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Un-real estate: Young Koreans look to make real money from virtual land

Frustrated by soaring housing prices, Millennials turn to virtual real estate

(123rf)
(123rf)


Park Seol-min, 28, half-jokingly tells his friends that he bought a 10-square-meter plot in the wealthy Gangnam area of Seoul for less than 40,000 won ($34).

As you might expect, given that apartments in the area trade for more than 30 million won per square meter, there’s a catch: The plot only exists in a virtual, computerized world. 

Park is one of a growing number of “virtual homeowners,” who spend real money on real estate in metaverse platforms such as Earth 2, which presents users with a map of the world, cut up into small 10-square-meter plots of land. 

But while the land may be virtual, the profits can be real.

“Before I bought digital real estate in Gangnam, I scooped small parcels of virtual land near Gwanghwamun Square and the National Assembly’s main buildings in Yeouido, in February, which amounted to nearly 170,000 won. Surprisingly, the properties’ (total) asset value jumped to 460,000 won in just two months,” Park said.

“Given that some people hit the jackpot by investing in cryptocurrencies like Bitcoin at a very early stage of coin trading, virtual real estate seems like a tempting option for long-term investments with a small capital.”

As of July, the total value of virtual land owned by Earth 2’s Korean users is estimated at 7 billion won, much higher than that of Japan and China, which posted 380 million won and 290 million won, respectively, according to data from the trading platform. 

Asia’s fourth-largest economy ranked third among major economies in terms of the number of digital plots purchased, which stood at 500,000 in the cited month, after the United States with 600,000.

“It was interesting that I could own properties that are not for sale in real life such as the road in front of the National Assembly and Gwanghwamun Square. If (Earth 2) adds features that allow people to build their own residential buildings on their land and trade them with others, which will eventually form a virtual city, the platform will become a more promising investment destination,” said Lee Hyun-ji, an office worker in her early 30s, who bought a total of 575 tiles of virtual land in Earth 2, between November last year and January, with their property value rising 107 percent during the period to reach 3.65 million won, as of the end of January.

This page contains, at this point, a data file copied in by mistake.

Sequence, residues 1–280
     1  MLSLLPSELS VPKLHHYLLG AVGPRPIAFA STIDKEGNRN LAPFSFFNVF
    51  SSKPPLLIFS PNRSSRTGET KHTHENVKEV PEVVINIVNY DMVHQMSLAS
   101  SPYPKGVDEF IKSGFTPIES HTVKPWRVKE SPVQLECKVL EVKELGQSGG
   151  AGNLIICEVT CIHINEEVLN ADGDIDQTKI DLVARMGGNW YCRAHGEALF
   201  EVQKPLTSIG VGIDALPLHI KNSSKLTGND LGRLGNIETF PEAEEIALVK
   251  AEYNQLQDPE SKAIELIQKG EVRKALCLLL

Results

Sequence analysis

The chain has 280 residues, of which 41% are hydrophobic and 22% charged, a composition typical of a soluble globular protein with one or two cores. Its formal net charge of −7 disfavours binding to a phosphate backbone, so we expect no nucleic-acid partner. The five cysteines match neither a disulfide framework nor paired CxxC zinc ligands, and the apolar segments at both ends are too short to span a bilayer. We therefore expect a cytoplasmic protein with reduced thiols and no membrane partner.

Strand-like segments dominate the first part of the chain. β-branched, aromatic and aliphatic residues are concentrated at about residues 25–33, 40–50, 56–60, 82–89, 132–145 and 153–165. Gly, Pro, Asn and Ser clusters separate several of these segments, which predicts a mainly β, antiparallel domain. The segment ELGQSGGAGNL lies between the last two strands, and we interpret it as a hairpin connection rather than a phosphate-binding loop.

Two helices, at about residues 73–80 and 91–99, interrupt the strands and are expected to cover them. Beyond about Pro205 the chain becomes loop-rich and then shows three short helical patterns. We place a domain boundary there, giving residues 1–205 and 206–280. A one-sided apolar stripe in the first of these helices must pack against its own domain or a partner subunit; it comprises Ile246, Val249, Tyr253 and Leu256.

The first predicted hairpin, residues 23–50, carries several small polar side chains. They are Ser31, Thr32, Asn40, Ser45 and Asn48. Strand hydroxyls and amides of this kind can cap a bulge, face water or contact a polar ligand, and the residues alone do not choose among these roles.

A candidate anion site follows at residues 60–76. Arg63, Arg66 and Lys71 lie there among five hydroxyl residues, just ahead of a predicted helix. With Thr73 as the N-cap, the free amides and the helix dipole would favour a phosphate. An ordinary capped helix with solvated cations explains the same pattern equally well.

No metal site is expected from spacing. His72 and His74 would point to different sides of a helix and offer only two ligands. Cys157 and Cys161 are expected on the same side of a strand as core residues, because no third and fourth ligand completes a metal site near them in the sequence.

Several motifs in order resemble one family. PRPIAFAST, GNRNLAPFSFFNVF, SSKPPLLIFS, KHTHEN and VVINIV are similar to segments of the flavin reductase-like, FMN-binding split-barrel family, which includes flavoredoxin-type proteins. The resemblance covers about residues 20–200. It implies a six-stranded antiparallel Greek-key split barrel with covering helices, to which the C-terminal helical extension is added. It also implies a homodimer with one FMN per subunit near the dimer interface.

Chinese investors bought all the lands surrounding Seoul's presidential Blue House built within a virtual world presented by a global metaverse platform Earth 2. (Courtesy of Earth 2)
Chinese investors bought all the lands surrounding Seoul's presidential Blue House built within a virtual world presented by a global metaverse platform Earth 2. (Courtesy of Earth 2)



Rising demand for virtual land came amid the rise of metaverses -- virtual environments, often incorporating augmented reality technology, in which people from the real world interact with others through digital versions of themselves. It has recently grown in popularity as the prolonged COVID-19 pandemic limits in-person contact.

Experts say a similar speculative fever to that which swept cryptocurrency markets has added fuel to the metaverse property boom. 

In the first quarter of the year, the trading volume of cryptocurrencies amounted to 1,500 trillion won. In April, industry data showed. 

“The virtual money market was boosted by asset bubbles in the housing and stock markets backed by abundant liquidity following the COVID-19 stimulus packages. The recent crypto boom pushed local investors to jump into virtual property investment,” said Jeon Seong-min, a business administration professor at Gachon University.

“For millennials and Generation Z, or those born from the late 1980s to early 2010s, who are frustrated by the overheated real estate market, finding it almost impossible to own land or buildings in Seoul, the purchase of digital property could be an attractive investment activity.”

Despite the growing popularity of virtual property trading, some experts are skeptical as to whether it can gain further momentum like the current get-rich-quick crypto boom.

“In the real world, land prices are determined by how land is going to be used. However, in the current digital platform for virtual land transactions, investors can’t find an economic use for their land, which casts doubt on sustainability of the investment activity,” said Kim Sang-kyun, a professor of industrial engineering at Kangwon National University. 

“An asset refers to something that can be valued or used for monetary transactions in real life. Unless the ongoing virtual property transaction is differentiated from online games, whereby players purchase points and buy in-game items, Earth 2 and other related metaverse platforms are unlikely to create a boom among retail investors for a long period of time.”

By Choi Jae-hee (cjh@heraldcorp.com)
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